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Dennis Dieks
preprint description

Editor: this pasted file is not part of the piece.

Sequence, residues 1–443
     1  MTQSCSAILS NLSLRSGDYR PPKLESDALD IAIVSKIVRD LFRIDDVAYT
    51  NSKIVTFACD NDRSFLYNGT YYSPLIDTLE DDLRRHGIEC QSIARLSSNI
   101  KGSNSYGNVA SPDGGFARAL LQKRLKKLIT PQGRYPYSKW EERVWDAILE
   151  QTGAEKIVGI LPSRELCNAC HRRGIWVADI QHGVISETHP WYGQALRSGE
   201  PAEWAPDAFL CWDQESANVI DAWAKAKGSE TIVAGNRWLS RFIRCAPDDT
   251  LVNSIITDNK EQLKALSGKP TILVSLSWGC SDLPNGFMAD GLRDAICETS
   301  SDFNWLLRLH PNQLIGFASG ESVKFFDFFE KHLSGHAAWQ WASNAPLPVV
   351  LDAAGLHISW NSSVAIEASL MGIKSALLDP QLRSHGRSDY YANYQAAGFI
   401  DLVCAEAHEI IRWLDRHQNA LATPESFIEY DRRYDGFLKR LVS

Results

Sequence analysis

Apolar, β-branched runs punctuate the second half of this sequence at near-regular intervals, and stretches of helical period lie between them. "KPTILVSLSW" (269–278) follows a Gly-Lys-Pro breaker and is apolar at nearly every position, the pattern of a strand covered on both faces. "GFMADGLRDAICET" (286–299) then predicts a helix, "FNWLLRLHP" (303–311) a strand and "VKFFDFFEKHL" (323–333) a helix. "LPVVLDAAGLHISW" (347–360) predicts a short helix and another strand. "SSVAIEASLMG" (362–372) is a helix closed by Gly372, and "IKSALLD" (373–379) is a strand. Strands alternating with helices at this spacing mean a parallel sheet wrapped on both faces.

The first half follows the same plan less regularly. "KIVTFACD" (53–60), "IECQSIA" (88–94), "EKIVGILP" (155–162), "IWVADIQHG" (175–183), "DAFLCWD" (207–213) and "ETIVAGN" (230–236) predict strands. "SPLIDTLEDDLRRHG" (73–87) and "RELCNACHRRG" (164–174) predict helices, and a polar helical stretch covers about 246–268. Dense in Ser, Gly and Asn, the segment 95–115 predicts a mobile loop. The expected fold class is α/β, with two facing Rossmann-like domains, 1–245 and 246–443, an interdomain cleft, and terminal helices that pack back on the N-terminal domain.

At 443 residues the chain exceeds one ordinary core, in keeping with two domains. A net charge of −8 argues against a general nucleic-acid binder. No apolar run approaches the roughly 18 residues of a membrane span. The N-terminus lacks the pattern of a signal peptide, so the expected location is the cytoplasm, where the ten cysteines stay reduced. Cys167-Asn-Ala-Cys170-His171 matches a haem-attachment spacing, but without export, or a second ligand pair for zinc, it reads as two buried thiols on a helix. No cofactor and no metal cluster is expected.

Modal interpretations have the ambition to construe quantum mechanics as an objective, man-independent description of physical reality. Their second leading idea is probabilism: quantum mechanics does not completely fix physical reality but yields probabilities. In working out these ideas an important motif is to stay close to the standard formalism of quantum mechanics and to refrain from introducing new structure by hand. In this paper we explain how this programme can be made concrete. In particular, we show that the Born probability rule, and sets of definite-valued observables to which the Born probabilities pertain, can be uniquely defined from the quantum state and Hilbert space structure. We discuss the status of probability in modal interpretations, and to this end we make a comparison with many-worlds alternatives. An overall point that we stress is that the modal ideas define a general framework and research programme rather than one definite and finished interpretation.

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